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10 ways to cope: 7 months pregnant with with a three year old son

1 Take a hot shower every morning.

This will sound ridiculous to the childless and probably to the mums too, for different reasons. You will likely have to do it with the door open, possibly dodge missiles and awkward questions and potentially have to catch flying electrical goods before they zap you, but it sets you up for a good day. Even if your hair has to air dry /ends up only half-straightened/is scraped off your face into a bun, at least you and it are clean and refreshed.

2 Reinstate old tools

He may have been walking for more of his life than not, but if he’s suddenly he’s clicked that you can no longer catch him and runs off at every opportunity, I see no problem with hauling out the reins. The wee man has a little rucksack with a long strap – I’ve clicked it on to a strap from another similar bag and now I have, effectively, a dog leash for my child. In my defence, I’m having major pelvic issues with this pregnancy and can barely walk let alone sprint after him, and he’s developed a bad habit of running into the sea fully-clothed. This way I can venture out in public without suffering a heart attack/getting soaked to the thighs.mummykimmy reins

3 Don’t be afraid of the same-old

We used to have a new adventure every day. My mum used to warn me not to do too much, but I enjoyed these voyages of discovery in our new city as much as the wee man. Now though, I accept that I’ll probably have to pee a lot and must never be too far from the loo. I can never venture so far from the car that I’m stuck with a mid-tantrum child who doesn’t want to leave and who I can’t lift and carry back. I can’t cope with him AND the enormous bag with clothing for every surface and weather condition. So we go to the same places that I know he enjoys and whose facilities I can rely on – just for now.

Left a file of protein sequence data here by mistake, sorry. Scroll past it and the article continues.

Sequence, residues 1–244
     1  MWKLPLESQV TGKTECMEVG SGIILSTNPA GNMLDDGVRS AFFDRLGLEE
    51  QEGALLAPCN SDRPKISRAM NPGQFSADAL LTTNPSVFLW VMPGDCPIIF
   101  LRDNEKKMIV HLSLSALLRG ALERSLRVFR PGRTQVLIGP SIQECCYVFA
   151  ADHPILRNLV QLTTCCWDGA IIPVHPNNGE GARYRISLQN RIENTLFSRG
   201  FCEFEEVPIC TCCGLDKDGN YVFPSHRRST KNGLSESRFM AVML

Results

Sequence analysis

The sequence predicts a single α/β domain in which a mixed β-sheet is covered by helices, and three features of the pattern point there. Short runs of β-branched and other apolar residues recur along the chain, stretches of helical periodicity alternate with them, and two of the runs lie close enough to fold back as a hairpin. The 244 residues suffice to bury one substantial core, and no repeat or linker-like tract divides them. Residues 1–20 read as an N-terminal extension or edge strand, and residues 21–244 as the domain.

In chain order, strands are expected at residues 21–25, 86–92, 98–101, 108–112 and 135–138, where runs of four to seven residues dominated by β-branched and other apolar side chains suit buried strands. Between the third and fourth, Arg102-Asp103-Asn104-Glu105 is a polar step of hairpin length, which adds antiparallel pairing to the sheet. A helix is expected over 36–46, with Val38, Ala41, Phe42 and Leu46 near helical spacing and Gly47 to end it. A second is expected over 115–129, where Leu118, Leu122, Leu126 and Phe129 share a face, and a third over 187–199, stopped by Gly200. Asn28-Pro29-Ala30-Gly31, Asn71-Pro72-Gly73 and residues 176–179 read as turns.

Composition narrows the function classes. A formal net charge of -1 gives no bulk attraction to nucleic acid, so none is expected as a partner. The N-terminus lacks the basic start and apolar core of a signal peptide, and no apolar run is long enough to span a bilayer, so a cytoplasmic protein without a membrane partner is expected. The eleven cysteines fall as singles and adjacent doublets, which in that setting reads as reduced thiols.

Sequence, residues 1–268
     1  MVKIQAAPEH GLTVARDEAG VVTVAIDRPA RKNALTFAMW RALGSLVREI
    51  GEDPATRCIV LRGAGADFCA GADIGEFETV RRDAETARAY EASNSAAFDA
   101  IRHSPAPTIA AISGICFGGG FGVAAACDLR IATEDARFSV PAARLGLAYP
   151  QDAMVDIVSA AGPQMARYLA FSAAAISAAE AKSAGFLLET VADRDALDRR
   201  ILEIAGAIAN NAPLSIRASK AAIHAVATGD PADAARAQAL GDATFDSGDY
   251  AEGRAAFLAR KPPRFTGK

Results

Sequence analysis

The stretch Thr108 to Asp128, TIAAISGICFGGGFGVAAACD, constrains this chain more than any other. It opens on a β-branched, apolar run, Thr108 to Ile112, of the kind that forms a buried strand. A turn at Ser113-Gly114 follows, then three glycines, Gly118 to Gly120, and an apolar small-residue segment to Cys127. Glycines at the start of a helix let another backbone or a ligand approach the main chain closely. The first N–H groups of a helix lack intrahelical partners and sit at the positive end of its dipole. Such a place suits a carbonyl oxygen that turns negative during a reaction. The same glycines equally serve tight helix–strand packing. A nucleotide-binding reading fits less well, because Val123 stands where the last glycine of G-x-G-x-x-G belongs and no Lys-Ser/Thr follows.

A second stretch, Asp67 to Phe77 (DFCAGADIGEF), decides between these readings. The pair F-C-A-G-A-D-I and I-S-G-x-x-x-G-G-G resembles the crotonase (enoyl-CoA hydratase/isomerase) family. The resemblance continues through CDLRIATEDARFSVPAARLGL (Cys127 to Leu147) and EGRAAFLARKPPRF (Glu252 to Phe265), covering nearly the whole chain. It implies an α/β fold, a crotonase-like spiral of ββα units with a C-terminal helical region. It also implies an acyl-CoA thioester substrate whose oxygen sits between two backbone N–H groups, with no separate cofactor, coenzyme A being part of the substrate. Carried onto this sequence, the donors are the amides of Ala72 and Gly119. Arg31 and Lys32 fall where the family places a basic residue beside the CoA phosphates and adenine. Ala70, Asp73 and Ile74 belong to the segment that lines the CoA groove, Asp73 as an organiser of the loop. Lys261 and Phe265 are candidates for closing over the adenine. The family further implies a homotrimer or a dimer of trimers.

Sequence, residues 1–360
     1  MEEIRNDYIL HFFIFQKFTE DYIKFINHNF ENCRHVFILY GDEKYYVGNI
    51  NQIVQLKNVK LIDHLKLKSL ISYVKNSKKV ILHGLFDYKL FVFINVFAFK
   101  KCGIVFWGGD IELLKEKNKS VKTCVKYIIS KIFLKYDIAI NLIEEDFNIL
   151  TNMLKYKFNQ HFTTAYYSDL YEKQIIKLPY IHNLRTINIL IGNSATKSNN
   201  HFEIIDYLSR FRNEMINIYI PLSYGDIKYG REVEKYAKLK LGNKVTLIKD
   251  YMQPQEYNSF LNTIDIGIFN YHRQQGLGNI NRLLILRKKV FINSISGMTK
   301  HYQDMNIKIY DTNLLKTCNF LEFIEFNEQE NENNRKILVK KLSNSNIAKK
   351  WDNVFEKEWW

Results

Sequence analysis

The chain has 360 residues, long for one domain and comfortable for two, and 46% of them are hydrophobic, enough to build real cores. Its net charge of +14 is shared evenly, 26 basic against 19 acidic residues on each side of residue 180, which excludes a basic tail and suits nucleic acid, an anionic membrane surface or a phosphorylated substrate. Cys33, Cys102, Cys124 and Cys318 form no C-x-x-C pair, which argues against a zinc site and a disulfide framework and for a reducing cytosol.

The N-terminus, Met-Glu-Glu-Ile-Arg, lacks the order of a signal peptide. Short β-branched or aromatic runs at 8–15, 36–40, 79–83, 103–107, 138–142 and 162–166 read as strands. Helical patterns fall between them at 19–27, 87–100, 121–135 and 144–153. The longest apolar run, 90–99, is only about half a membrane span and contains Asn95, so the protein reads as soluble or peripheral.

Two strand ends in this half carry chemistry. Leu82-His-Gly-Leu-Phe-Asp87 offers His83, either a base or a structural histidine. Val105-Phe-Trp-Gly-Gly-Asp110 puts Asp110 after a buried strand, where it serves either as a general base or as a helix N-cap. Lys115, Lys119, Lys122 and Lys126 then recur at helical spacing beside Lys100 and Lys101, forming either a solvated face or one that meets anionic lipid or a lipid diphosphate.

4 Adopt a zero-tolerance policy to bad behaviour

He’s probably figured out that something really big is about to happen and mummy is not herself, so is pushing even harder at the boundaries. If he’s difficult now, how the hell will I cope with two? By making it crystal clear what is not acceptable. That means nipping everything in the bud, making him sit the full three minutes on the naughty step, taking the time to make him follow instructions and finding new ways to make my point. I’ve discovered that simply disengaging, ignoring him completely and putting him in his room with the stair-gate across while I clean up the mess from the kitchen bin he just “accidentally” dragged through and tipped onto the living room carpet, is very effective. A lot of his bad behaviour is simply for attention – if I withdraw that and only reinstate it when he’s apologised and is behaving well, it sends a clear message.